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  • While I think some kids for whatever reasons are bent towards being a bit more fussy, I agree in large part to the idea that the parents are colicky ones! I have two daughters and our first few months with our first was straight up crazy train. We couldn’t get her settled no matter what we tried. Amazingly though after a few months things magically settled down. Our second daughter had next to zero events.

    While the natural jump is to say one was fussy and the other wasn’t, we’ve concluded in our small experience that we we were just frantic with our first child as the total rookies and much more mellow as seasoned parents with our second.

    I was amazed at how quick medical staff and other parents were to throw the colicky label out just because in the early months our first child she was fussy. My vote is she was fussy because her parents were still very green! Your food, poop, burp checklist is a great rapid fire test. Most of the time the fuss lives in one of those. However we discovered a radical crazy reality, sometimes kids just cry and go off for reasons we can’t explain or fit into a nice diagnosable box.

    We should have saved the hundreds of dollars we spent on the “how to take care of your colicky baby” and chilled out a bit. The results over time have proven very successful for us.

  • I definitely see babies in my practice that cry differently and more than others so I do think there are actually colicky babies…but I also have families who cannot tolerate any amount of crying at all and want me to “fix” their babies. It’s not a bad thought to call them “colicky parents.”

    Here’s a recent post I did on colic…http://wp.me/p30CJn-eC

  • Ryan

    Think about that statement….too quick to comfort their crying BABY….what is wrong with our world that someone had the thought that comforting infants is ever wrong. I get it with toddlers, young kids, certainly teenagers, adults but infants???? I actually believe that this statement alone speaks to a large unmet adult need in our culture.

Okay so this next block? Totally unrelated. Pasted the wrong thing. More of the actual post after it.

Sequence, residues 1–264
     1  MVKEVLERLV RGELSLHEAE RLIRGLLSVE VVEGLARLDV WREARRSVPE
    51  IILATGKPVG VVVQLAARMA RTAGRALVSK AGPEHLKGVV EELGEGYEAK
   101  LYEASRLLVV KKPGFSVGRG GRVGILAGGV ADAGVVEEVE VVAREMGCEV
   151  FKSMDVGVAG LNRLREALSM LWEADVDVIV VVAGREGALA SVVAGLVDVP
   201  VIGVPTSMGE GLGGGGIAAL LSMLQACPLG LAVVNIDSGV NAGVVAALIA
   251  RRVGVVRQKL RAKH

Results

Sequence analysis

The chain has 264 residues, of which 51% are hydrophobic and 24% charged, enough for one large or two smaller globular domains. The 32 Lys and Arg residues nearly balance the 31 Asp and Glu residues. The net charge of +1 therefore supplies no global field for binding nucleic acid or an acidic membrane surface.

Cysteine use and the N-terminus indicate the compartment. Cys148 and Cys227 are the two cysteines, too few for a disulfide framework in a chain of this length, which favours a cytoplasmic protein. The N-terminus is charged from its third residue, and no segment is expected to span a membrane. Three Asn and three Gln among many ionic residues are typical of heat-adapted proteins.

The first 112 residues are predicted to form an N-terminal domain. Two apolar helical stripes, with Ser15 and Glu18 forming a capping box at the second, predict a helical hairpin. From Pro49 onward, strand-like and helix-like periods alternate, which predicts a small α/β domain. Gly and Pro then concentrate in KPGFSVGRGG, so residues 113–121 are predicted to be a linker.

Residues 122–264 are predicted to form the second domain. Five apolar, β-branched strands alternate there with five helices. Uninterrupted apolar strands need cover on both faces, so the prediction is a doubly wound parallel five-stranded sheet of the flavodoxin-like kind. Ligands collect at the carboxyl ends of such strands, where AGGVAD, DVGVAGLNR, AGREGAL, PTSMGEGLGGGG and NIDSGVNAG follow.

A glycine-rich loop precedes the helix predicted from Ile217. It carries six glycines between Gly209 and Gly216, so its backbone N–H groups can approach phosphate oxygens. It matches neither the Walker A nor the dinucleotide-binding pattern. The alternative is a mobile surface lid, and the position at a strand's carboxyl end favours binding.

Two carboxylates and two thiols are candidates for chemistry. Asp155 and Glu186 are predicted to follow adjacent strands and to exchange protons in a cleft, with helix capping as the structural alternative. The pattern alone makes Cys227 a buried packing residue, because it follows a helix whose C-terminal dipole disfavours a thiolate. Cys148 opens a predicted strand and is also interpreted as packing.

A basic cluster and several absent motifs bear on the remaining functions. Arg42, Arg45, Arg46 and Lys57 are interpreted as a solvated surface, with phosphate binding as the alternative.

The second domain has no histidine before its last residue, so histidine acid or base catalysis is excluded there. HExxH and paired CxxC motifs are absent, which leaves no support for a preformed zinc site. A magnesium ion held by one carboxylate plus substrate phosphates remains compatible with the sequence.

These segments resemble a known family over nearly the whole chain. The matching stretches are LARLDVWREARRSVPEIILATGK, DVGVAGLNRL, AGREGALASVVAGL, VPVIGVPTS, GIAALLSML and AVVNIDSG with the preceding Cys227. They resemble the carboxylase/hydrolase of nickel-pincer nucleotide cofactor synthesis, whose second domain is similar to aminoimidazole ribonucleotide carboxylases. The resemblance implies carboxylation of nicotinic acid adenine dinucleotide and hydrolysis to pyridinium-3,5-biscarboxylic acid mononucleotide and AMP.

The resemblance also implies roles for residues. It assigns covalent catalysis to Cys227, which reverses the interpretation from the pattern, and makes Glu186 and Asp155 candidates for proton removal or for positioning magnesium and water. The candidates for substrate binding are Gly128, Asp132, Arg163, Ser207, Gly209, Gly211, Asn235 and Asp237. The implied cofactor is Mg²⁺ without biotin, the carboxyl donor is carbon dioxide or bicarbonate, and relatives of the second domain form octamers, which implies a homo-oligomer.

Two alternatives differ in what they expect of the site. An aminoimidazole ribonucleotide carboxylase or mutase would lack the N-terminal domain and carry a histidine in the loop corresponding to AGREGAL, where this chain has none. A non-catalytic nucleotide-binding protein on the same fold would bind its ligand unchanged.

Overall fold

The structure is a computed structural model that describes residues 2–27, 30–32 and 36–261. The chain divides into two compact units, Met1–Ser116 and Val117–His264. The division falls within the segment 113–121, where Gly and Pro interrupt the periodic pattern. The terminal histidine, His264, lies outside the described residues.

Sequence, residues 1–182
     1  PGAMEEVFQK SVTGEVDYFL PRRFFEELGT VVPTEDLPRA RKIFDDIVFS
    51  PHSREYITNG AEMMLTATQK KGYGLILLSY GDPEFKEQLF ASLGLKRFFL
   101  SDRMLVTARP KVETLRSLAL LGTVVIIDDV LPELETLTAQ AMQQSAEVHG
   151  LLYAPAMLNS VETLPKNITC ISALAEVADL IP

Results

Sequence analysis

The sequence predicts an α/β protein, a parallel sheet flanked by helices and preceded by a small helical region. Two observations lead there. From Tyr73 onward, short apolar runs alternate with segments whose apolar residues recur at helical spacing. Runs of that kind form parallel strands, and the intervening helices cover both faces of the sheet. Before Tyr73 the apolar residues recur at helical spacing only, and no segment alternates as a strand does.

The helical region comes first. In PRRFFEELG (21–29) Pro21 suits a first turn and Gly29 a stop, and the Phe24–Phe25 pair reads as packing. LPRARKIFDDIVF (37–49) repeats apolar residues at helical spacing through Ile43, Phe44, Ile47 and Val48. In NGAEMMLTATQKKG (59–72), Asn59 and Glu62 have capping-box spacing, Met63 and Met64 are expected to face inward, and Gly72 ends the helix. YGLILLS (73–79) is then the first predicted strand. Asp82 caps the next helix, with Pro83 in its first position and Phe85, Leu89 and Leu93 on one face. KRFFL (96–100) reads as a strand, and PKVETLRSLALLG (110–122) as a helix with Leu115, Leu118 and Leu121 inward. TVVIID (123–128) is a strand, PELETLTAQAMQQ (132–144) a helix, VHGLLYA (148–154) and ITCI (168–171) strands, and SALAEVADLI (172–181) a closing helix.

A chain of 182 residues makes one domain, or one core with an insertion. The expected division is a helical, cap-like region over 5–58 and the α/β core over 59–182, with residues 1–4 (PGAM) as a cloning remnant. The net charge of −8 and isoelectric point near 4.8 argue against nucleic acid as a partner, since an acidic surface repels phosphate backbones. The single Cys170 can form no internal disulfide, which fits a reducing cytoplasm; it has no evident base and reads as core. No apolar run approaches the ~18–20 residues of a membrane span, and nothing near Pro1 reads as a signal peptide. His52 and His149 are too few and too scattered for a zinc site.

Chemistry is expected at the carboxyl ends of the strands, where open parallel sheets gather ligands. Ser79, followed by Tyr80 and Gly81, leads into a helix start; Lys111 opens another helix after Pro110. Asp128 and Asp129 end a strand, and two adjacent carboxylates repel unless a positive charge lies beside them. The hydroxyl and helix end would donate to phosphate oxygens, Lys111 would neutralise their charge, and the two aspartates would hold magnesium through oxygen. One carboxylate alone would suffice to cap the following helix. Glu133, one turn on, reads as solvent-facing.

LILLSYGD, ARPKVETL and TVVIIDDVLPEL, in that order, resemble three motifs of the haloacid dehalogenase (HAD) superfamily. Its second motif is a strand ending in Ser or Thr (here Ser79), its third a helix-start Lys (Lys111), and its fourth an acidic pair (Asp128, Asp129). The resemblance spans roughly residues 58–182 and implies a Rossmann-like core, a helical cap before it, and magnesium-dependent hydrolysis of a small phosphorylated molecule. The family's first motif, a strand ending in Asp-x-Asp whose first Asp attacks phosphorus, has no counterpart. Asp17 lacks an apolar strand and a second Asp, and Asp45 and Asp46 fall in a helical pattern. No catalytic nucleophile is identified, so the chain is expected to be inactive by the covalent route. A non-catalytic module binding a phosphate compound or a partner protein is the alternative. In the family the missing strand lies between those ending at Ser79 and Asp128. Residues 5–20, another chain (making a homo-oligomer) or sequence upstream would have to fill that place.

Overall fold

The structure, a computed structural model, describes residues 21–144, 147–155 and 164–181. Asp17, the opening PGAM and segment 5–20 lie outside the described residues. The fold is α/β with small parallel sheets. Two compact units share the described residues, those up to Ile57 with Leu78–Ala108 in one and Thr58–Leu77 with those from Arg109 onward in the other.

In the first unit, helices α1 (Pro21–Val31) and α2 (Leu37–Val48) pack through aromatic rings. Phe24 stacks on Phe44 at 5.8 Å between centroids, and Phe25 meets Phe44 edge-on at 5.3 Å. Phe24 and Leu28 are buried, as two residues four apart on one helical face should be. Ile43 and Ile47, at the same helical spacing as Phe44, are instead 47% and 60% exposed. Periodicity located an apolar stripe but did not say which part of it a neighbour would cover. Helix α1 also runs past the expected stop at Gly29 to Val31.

• There is SOME truth to the statement, but nowhere near any “ultimate” or concrete truth. I see dogmatic statements like this often set child development knowledge and understanding, instead of moving it forward. Statements like this also have a way of passively judging parents “If you think anything is ‘wrong’ with your kid, you suck as a parent”. We need to stop making so many dogmatic statements (that only serve to feed self-righteousness) and begin to appreciate the nuance, messiness, and “figuring it out” of child rearing.

  • Colick is like ADD….just because the term is often misapplied & overused doesn’t mean the real thing doesn’t exist.

    My eldest was an easy baby and even as a toddler was well-behaved and easygoing. I still remember my husband and I standing at birthday parties and playgrounds, watching babies cry “for nothing” and kids acting up, and wondering what was wrong with their parents.

    Then our second came along…the first few months she cried constantly, literally for hours at a time. We wore out the carpets walking her through the house, trying to calm her but even when we succeeded, as soon as we stopped walking she would start all over again. It was one of the toughest periods in our marriage.

    We were told she was colicky, and that it would pass. Thank God, it did…but my husband and I learned an important lesson about judging other parents.

    Those patronizing sceptics who “don’t believe” in things like colick and growing pains (which my same daughter also suffered later) should shut up and consider themselves lucky.

  • I’m convinced my child has colic. Granted, she has developed a whine over the past few days, and I’m sure that my wife and I are to blame for attempting to comfort her before her absurd screaming gets to be too much. However, we to go through the checklist of whether or not she needs changed, fed, burped, etc. The fact is, she just cries. She cries while we hold her, she cries while we put her in a vibrating chair, a chair that rocks her, a rocking chair with her in our arms, laying down, sitting up.. you get the idea. Either way, my wife and I have different methods to how we deal.. with each other, with her, and with our reactions. The good thing is the patience we quickly learned. The smiles, and innocence, seem to make it worth the bad times.